The fact of refusal to take the chemical test provided for in R. C. 4511.191 appears whenever a preponderance of all the evidence shows that, under the circumstances described in the statute, the person who was given the request and advice in the statutory manner and form has thereafter conducted himself in such a way as to justify a reasonable person in the position of the requesting officer reasonably to believe that such requested person was capable of refusal and manifested unwillingness to take the test. We hold, as a matter of law, that reasonable minds could only conclude that such a refusal was shown by this evidence.
We recognize that the Legislature has required an actual subjective refusal to take the test, but in this, as in all other cases, the state of the person's mind must be gathered from all the evidence, including that of his objective conduct. In these civil administrative licensing cases this includes all reasonable inferences flowing from his having voluntarily operated a motor vehicle upon the public highways of this state.
Minimum language skills are inherent in the ability to drive safely and essential to pass the written licensing examination.
Conversations with an arresting officer are now a part of the statutory administrative procedures included in the basic fabric of the Ohio driver's licensing regulations.
We hold that a person who voluntarily operates a motor vehicle upon the highways of this state is estopped, in a proceeding under R. C. 4511.191, to assert insufficient language skill to comprehend the request and advice provided in R. C. 4511.191 (C), when received in the statutory manner and form.
For a stronger reason, the incapacity cannot be asserted where it depends in part upon the effect of alcoholic beverages upon the licensee. Reasonably extended, such a contention would require that a statute enacted to clear drunk drivers from the highway could be judicially repealed by the defense of "too drunk to understand" the licensing procedures.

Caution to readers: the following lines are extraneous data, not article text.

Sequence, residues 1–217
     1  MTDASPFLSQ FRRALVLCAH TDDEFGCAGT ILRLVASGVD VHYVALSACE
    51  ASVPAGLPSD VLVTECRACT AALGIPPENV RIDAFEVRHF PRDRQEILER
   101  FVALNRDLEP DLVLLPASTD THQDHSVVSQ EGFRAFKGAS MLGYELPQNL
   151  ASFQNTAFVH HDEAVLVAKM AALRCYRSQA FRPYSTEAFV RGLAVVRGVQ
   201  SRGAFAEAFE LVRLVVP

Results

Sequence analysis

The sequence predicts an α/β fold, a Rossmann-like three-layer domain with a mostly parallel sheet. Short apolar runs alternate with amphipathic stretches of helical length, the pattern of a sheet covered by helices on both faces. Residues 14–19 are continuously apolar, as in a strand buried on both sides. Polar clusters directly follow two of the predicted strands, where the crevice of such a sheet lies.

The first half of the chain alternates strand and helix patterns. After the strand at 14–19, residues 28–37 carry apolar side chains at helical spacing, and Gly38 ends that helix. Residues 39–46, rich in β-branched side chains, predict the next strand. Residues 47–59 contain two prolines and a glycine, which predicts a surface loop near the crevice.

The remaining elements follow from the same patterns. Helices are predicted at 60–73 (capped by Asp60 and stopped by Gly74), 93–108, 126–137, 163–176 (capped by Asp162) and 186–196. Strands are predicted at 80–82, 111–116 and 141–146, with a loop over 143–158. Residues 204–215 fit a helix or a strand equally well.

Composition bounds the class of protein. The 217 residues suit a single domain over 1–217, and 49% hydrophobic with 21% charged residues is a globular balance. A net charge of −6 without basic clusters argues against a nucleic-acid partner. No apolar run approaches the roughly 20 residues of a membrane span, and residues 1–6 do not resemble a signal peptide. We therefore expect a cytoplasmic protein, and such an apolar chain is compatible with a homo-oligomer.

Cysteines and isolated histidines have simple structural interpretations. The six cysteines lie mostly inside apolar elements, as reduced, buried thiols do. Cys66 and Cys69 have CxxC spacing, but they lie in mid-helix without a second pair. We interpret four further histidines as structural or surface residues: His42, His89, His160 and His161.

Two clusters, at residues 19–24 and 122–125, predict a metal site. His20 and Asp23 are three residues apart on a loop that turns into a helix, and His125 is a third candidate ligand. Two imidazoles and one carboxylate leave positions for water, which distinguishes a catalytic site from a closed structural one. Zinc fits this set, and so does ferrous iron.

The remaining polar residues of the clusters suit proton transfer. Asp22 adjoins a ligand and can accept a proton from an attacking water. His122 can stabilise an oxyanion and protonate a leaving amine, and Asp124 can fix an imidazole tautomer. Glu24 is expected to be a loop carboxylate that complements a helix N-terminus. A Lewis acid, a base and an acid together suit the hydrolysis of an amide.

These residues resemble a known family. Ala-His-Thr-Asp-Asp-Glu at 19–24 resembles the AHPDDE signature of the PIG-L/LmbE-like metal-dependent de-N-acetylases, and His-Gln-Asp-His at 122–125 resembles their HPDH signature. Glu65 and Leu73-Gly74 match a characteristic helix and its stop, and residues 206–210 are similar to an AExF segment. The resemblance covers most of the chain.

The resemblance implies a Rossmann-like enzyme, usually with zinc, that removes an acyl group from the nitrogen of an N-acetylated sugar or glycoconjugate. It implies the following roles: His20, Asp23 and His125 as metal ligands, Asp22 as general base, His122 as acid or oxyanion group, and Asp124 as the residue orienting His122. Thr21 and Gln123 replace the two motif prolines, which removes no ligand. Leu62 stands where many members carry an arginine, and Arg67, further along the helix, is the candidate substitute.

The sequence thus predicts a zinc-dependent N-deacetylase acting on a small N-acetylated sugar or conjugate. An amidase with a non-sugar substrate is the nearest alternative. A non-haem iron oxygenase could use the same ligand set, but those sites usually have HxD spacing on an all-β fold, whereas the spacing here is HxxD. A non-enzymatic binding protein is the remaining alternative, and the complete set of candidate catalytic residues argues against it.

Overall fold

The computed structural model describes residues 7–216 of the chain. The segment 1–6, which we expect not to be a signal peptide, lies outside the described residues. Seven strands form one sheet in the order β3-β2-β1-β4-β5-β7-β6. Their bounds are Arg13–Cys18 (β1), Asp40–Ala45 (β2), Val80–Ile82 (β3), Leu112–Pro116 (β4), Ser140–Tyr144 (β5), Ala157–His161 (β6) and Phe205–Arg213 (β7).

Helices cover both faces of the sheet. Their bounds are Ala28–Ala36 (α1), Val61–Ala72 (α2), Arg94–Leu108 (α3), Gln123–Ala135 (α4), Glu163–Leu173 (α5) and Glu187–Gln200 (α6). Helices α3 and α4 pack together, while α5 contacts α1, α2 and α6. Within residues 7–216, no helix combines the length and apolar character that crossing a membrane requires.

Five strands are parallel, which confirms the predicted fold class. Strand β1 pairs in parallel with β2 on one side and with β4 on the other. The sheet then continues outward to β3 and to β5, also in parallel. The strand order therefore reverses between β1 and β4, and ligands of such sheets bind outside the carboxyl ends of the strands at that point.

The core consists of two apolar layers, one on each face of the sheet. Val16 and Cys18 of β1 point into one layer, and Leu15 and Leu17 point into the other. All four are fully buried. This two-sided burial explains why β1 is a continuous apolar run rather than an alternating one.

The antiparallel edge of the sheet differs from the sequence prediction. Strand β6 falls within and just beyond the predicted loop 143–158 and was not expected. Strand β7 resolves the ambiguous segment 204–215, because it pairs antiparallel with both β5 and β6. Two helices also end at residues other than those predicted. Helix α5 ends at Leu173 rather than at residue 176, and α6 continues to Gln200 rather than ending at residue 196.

In the instant case the arresting officer felt it necessary to restrain the licensee with handcuffs. There was no claim that she lacked capacity to refuse the test, and the evidence confirms that she had the capacity to and did effectively block the taking of the test.
It is not clear what proportionate causal role the licensee's temperment, voluntary use of alcohol and lack of language skill played in this regrettable incident. What is clear is that, taken together, the circumstances aggravate rather than mitigate. They justify the suspension rather than avoid it.
One contention advanced is that her refusal to take the test was based upon her desire to avoid losing her license as a result of a conviction for operating under the influence of alcohol, which would have resulted from the evidence of the test, and her failure to appreciate that her refusal to take the test would cause her to lose her license for a longer period of time than would a conviction for driving under the influence of alcohol.
That contention cannot prevail, for the reason that there is no requirement that the officer give her any advice respecting the license suspension consequences of a driving-under-the-influence conviction or any legal opinion as to the comparative severity of the two upon her personal right to drive.
In short, it is no defense, even if true, that she did not understand a subject upon which the officers are neither required nor permitted to give her legal advice.
It is conceivable that the trial court took the view that, as a matter of law, an indispensible element of the registrar's authority to suspend a license under R. C. 4511.191 is a subjective understanding on the part of the licensee of the statutory advice given. The statute expressly enumerates the factual issues which the Municipal Court may judicially determine, and that issue is not one of them.